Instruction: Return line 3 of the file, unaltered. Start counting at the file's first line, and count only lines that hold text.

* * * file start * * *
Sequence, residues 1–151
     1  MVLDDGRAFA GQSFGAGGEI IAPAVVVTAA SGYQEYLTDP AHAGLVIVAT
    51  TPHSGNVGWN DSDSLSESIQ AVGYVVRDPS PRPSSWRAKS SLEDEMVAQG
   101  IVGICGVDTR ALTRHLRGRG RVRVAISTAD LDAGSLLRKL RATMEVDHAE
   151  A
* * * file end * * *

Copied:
    51  TPHSGNVGWN DSDSLSESIQ AVGYVVRDPS PRPSSWRAKS SLEDEMVAQG